This website has been incredibly useful to me, and I owe a lot of career success to it. It's given me a lot of excellent insight into IBD and has been a great source of motivation. Therefore, I'd like to give back by sharing my experience here.
For some context I'm a foreign student at top 10 UK non-target university.
In my second year of University I found myself having landed NO spring internships during first year - I got flat out rejected EVERYWHERE I applied. Coming from a non-target I received ZERO interviews which was very discouraging but motivating at the same time. I knew I had to step my game up and create a long term plan to get into a top IB position. Finding myself in that position the positive takeaway was that I learned how competitive the industry is and learned to be realistic with myself: it's important to realise that, however smart you are, you only are what your CV shows. Nothing less, nothing more. So I decided to take a year abroad at a top univeristy to accumulate experience through spring weeks and internships and to find myself in a position to compete with other candidates and start landing interviews. The "easy route" for me would have been to do a master's degree, which was not an option for me financially. I took the "hard" route, knowing the chances of me breaking into IB would be very slim.
Landed a MM IB internship offer
After doing a spring week at a tier 4 firm in my second year of uni, I spent my third year studying abroad. I applied to IBs during that period and only got 1 ib interview: made it to the final round of a top EB in London and got dinged at the last step. I was heartbroken, to put it mildly. The only interview I had, though, confirmed I was smart/good enough to break into the industry, but my prospects as a UK non-target school in penultimate year without a top IBD internship were looking very poor (especially in post-Brexit Britain - something I discovered later). Instead, I received an offer at a 2nd/3rd tier consulting firm but I knew I desperately needed IB experience going into my final year or my dream would have been crushed. Therefore, I cold emailed more than 30 boutiques, and ended up getting 5 offers. So I interned in a 2nd/3rd tier consultancy and at a MM IB firm.
Importance of networking
In my final year I applied to a mix of FT positions and SA positions. Instead of simply applying online, I realised the crucial importance of networking. In the UK, networking is not as important as it is in the U.S (based on what I understand from reading WSO posts), but it's crucial if you're from a non-target. I reached out to complete strangers for a chat and showed my hunger and passion for IB. Every call I had with alumni but mostly random people (due to lack of alumni in IB) ended up with me being referred to HR. I got interviews at 7 firms (EBS and BBs), compared to 1 the previous year and NONE in the two years before. I started to understand that IB is simply a game of people. I was naive and believed online screening is fair/efficient - that my application would actually be read. Don't make my same mistake. As soon as you enter your non target school name in your online application, there's a solid chance you'll get cut. I couldn't stress the importance of networking more!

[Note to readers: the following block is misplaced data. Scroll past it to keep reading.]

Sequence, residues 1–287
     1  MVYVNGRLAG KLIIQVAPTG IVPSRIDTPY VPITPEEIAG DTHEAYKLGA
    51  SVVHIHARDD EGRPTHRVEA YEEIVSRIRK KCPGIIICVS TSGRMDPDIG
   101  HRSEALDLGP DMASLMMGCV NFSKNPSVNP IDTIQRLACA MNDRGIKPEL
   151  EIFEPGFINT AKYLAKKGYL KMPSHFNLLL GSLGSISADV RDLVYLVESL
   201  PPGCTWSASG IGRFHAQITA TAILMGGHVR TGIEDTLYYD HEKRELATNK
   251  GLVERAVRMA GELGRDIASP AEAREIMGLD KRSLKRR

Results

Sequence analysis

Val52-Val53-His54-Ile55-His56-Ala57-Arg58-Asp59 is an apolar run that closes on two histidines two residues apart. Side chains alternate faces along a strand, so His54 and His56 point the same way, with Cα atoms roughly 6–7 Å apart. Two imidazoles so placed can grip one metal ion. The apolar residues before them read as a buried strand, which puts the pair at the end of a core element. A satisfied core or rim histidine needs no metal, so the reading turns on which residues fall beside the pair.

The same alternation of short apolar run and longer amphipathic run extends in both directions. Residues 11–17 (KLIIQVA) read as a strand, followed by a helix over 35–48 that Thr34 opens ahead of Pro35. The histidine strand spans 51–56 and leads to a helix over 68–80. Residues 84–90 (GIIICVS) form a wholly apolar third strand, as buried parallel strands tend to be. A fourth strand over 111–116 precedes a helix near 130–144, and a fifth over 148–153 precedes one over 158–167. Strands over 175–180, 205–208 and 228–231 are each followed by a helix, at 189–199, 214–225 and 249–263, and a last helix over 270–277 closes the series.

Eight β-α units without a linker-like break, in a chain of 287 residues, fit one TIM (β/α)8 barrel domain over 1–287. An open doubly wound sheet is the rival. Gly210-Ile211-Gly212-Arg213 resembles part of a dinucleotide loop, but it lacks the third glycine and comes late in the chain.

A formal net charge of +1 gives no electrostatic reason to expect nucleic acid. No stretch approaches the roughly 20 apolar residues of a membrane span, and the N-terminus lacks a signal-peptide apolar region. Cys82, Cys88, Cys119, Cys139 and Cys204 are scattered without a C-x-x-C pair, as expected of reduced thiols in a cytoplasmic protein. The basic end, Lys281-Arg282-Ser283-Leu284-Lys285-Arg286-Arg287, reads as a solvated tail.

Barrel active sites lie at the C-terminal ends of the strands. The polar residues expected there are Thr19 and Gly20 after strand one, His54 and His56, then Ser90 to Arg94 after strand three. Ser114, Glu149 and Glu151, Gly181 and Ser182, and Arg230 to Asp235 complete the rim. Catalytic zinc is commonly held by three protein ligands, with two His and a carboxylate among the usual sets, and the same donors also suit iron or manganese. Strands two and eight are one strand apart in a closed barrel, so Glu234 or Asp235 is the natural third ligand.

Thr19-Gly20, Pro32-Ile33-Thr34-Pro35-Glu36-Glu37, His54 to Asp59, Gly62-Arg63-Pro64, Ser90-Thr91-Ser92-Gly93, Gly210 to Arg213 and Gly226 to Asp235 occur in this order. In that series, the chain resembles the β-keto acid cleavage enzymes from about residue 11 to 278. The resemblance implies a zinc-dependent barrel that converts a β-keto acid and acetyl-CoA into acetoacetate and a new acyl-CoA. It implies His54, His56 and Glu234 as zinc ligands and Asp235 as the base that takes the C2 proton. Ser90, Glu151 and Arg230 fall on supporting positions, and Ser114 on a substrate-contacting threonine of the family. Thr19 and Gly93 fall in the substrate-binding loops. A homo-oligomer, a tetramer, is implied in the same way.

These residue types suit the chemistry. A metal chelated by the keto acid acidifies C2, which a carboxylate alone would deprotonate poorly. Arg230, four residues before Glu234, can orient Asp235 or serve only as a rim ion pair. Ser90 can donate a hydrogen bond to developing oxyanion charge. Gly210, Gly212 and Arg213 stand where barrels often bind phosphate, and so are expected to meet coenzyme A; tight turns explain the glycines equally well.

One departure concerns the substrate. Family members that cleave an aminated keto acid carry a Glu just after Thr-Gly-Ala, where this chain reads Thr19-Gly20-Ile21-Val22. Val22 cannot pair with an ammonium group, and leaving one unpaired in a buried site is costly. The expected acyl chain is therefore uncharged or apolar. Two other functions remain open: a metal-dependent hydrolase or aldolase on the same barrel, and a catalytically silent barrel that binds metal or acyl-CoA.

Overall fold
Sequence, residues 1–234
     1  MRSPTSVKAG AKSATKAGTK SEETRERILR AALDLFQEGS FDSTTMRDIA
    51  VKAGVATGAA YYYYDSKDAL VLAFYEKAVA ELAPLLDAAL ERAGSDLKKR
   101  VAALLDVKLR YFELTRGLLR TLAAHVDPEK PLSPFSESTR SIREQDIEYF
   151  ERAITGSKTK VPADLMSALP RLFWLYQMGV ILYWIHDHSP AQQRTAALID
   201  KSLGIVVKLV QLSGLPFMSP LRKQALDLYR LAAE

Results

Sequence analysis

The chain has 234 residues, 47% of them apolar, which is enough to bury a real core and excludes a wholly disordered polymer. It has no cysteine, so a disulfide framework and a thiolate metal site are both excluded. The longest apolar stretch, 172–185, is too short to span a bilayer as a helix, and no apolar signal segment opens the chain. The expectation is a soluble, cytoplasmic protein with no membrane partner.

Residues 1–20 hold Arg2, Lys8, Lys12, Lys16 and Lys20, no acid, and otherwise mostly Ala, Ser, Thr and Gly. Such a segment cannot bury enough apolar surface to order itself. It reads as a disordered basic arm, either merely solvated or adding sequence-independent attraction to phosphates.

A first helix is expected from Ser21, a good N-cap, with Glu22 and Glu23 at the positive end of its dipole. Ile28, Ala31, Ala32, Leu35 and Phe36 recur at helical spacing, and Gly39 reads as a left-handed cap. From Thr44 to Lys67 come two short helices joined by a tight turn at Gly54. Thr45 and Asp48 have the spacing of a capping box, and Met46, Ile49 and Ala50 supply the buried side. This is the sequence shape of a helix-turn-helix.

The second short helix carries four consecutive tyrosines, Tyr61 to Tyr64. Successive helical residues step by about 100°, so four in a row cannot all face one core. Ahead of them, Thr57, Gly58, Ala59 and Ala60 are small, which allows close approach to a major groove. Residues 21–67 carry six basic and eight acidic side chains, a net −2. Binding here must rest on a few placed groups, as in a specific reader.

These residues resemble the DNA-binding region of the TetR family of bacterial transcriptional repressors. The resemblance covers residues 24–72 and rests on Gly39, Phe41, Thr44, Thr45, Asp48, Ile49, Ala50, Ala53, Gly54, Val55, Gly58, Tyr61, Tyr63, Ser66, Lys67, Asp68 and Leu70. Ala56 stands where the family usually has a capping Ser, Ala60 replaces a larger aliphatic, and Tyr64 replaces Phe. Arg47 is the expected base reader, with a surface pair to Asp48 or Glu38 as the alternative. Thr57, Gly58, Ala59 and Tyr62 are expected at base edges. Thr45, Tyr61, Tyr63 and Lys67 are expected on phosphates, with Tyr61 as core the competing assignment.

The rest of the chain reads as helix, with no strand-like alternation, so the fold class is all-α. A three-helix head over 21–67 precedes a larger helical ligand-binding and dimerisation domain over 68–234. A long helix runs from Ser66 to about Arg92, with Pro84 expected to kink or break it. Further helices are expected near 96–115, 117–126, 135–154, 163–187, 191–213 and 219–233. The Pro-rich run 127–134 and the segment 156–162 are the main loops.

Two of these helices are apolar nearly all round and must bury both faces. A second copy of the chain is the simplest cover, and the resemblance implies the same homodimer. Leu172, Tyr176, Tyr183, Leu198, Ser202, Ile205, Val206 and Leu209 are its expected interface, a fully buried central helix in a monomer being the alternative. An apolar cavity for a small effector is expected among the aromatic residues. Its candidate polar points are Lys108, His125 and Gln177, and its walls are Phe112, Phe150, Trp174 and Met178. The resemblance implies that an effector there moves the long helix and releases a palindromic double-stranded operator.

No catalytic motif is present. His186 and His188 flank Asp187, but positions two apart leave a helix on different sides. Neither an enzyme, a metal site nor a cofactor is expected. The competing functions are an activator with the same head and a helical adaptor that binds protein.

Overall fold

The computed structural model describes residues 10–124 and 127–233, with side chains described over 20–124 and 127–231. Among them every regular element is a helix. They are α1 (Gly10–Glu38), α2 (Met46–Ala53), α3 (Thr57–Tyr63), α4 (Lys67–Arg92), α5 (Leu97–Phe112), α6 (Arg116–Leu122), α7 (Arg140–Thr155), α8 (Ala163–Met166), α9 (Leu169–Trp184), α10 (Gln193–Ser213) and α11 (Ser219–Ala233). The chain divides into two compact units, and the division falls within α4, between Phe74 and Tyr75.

Landed FT M&A Analyst Job
After networking my ass off and landing multiple recommendations, I prepared diligently, practiced lots of mock interviews, read the FT obsessively and studied the WSO Investment Banking guide like the bible. I highly recommend this resource as it covers the vast majority of questions you'll get - here is the link: https://www.wallstreetoasis.com/guide/investment-b.... I got a few offers and got to final rounds of other BBs and EBs. I received and accepted a full time position at a top tier independent advisory firm/ EB, where I'll be starting work as a full time analyst in M&A.
Years of hard work, frustration and stress ended up paying off. I'll admit that at times I thought of quitting, to stop trying and give up on my IB dream, but don't let those rejections put you off. Put your head down, prepare and - I couldn't stress this more - NETWORK! However many rejections you get, do not give up. I tallied up all the IB rejections I received in the past few years: 126! If you really want it, work hard and smart for it, you can get into top BBs and EBs regardless of your school.
Good luck to everyone!
Mod Note (Andy): Throwback Thursday - this was originally posted Sept 2017
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